Synopses & Reviews
Yiddish is everywhere. We hear words like nosh
, and schmutz
all the time, but how did these words come to pepper American English? In Yiddishkeit: Jewish Vernacular and the New Land
, Harvey Pekar and Paul Buhle trace the influence of Yiddish from medieval Europe to the tenements of New Yorkand#8217;s Lower East Side. This comics anthology contains original stories by notable writers and artists such as Barry Deutsch, Peter Kuper, Spain Rodriguez, and Sharon Rudahl. Through illustrations, comics art, and a full-length play, four major themes are explored: culture, performance, assimilation, and the revival of the language. The last fully realized work by Harvey Pekar, this book is a thoughtful compilation that reveals the far-reaching influences of Yiddish.
Praise for Yiddishkeit:
and#8220;The book is about what Neal Gabler in his introduction labels and#8216;Jewish sensibility.and#8217; It pervades this volume, which he acknowledges is messy; he writes: and#8216;You really can't define Yiddishkeit neatly in words or pictures. You sort of have to feel it by wading into it.and#8217; The book does this with gusto.and#8221; and#8212;New York Times
and#8220;Yiddishkeit is as colorful, bawdy, and charming as the culture it seeks to represent.and#8221;
and#8220;every bit of it brimming with the charm and flavor of its subject and seamlessly meshing with the text to create a genuinely compelling, scholarly comics experienceand#8221;
and#8220;Yiddishkeit is a book that truly informs about Jewish culture and, in the process, challenges readers to pick apart their own vocabulary.and#8221; and#8212;Chicago Tribune
and#8220;a postvernacular tour de forceand#8221;
and#8220;A fascinating and enlightening effort that takes full use of the graphic storytelling medium in an insightful and revelatory way.and#8221; and#8212;The Miami Herald
and#8220;With a loving eye Pekar and Buhle extract moments and personalities from Yiddish history.and#8221; and#8212;Hadassah
and#8220;gorgeous comix-style portraits of Yiddish writersand#8221;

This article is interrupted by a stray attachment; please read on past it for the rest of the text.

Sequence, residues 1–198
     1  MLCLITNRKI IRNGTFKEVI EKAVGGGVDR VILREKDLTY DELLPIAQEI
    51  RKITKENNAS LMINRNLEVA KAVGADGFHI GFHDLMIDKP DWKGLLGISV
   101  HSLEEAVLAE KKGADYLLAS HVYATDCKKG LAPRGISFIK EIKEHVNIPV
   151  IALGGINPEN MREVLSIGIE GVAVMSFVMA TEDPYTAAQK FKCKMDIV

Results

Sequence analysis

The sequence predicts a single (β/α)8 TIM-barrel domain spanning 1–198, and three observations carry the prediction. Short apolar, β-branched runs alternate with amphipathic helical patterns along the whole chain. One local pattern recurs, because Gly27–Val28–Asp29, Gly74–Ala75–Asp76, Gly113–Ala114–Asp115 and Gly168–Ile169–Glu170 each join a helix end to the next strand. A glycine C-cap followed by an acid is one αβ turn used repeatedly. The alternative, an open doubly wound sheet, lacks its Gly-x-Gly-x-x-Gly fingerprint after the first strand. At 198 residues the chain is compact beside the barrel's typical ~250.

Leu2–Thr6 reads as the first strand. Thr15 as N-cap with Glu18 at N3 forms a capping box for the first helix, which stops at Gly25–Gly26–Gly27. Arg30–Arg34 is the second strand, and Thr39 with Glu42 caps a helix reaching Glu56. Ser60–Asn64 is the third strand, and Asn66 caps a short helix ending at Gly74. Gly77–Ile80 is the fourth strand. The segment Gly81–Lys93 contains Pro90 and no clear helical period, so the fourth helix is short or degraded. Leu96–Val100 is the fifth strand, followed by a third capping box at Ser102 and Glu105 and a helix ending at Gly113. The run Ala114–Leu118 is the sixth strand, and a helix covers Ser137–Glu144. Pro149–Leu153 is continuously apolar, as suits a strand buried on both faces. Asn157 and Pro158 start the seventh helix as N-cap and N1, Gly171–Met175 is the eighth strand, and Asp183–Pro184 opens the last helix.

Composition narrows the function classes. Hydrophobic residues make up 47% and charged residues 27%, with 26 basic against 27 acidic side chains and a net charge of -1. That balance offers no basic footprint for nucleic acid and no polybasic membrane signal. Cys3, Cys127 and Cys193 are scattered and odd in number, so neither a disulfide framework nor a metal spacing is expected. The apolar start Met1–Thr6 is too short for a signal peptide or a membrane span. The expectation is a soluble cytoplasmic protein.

and#8220;Yiddishkeit has managed to survive, if just barely, not because there are individuals dedicated to its survival, though there are, but because Yiddishkeit is an essential part of both the Jewish and the human experience.and#8221;and#160;
and#8212;Neal Gabler, author of An Empire of Their Own: How the Jews Invented Hollywood, from his introduction
"The hearty hardcover is a scrumptious smorgasbord of comics, essays, and illustrations, edited by Harvey Pekar and Paul Buhle, providing concentrated tastes, with historical context, of Yiddish theater, literature, characters and culture." and#8212;Heeb magazine
"The term 'Yiddishkeit' is open to several interpretations, including 'Yiddish culture' and 'Yiddish sensibility,' but the concept is too expansive to be fully conveyed with a mere word. The same can be said of this book itself, which is a fascinating and dense examination mostly in comics format of Yiddish as a language and culture and how it became inextricably woven into the tapestry of America when it arrived with Jewish immigrants. While it's impossible to fully explore the breadth and depth of Yiddish literature, performing arts, humor, and its key creators within the confines of a 240-page book, the contributors succeed in providing the very detailed basics in a visually engaging manner, with much of its written content being the final work of the late indie comics scribe Pekar, himself the scion of a Yiddish-speaking household. The art is provided by a number of notables, including Spain Rodriguez, Peter Kuper, and Sharon Rudahl, every bit of it brimming with the charm and flavor of its subject and seamlessly meshing with the text to create a genuinely compelling, scholarly comics experience. (Sept.)" Publishers Weekly Copyright PWxyz, LLC. All rights reserved.
About the Author
Paul Buhle, retired from Brown University, has written and edited 42 books, including the award-winning Art of Harvey Kurtzman, Jews and American Comics, and the three-volume Jews and American Popular Culture. He lives in Madison, Wisconsin. Harvey Pekar (1939and#8211;2010) is best known for his autobiographical comic book series American Splendor and Our Cancer Year, which was made into an Academy Awardand#8211;nominated film starring Paul Giamatti in 2003.